On November 12, 2015, the Joint Committee of the CBA and the CPAC (the JC) urged the Department of Finance (Finance) to narrow the disruptive changes being proposed to s. 55(2). The latter is an anti-avoidance rule which can convert tax-free inter-corporate dividends into taxable capital gains. The main problem is the new purpose test: it is far too broad. The test shifts the focus from (A) a dividend that reduces a gain which would otherwise be realized on a disposition of a share (the existing test), to (B) a dividend that reduces the value of a share or increases the cost of the dividend-recipient’s property (the newly expanded test). The expanded test arguably catches all dividends, which is clearly inappropriate in tax policy terms. The JC suggests narrowing the expanded test to focus on transactions that give rise to a loss (see page 4). Alternatively, if Finance is not prepared to do this – which seems evident so far – the JC suggests the Explanatory Notes to s. 55(2) expressly state circumstances in which the rule is not intended to apply, including the following:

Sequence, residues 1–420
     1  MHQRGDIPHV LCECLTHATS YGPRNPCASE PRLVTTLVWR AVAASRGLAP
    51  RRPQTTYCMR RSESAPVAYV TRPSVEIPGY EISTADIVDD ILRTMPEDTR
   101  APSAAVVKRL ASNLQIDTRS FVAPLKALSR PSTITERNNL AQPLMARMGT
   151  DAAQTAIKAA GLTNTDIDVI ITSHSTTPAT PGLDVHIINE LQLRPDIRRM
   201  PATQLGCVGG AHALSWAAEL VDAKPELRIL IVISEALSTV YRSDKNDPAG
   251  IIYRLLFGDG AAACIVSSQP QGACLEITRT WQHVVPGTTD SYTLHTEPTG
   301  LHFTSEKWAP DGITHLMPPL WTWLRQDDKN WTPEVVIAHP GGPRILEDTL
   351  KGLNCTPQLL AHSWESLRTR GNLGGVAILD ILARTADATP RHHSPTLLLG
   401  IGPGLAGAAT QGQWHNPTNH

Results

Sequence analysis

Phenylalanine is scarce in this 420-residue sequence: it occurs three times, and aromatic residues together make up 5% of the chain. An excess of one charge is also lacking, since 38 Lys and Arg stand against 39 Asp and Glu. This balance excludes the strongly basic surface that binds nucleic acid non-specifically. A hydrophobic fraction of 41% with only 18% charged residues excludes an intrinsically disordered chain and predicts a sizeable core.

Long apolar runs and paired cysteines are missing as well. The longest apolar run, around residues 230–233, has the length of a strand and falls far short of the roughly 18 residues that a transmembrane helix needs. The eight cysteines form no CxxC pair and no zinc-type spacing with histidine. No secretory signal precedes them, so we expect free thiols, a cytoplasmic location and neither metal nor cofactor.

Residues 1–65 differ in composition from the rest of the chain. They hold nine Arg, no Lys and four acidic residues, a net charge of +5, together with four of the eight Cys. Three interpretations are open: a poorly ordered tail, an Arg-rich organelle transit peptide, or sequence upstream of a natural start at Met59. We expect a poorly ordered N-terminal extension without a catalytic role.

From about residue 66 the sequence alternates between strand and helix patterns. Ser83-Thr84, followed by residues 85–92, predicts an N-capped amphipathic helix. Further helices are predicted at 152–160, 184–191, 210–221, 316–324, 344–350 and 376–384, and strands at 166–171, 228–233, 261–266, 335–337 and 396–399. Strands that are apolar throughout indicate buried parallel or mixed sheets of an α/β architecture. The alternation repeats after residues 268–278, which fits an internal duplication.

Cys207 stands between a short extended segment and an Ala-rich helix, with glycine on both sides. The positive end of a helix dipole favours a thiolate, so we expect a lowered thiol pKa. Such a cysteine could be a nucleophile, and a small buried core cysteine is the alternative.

- Dividends are commonly paid within a corporate group for the principal purpose of moving cash from one corporation to another corporation for non-tax reasons (i.e., servicing debt, paying other expenses, re-deploying cash, or paying dividends to ultimate shareholders of the parent). These dividends should never be at risk under s. 55(2) – regardless of the safe income position of the group (see page 4).
- Ordinary loss consolidation transactions should also never be at risk under s. 55(2). The only purpose of these transactions is to consolidate losses or expenses within a corporate group (see page 5).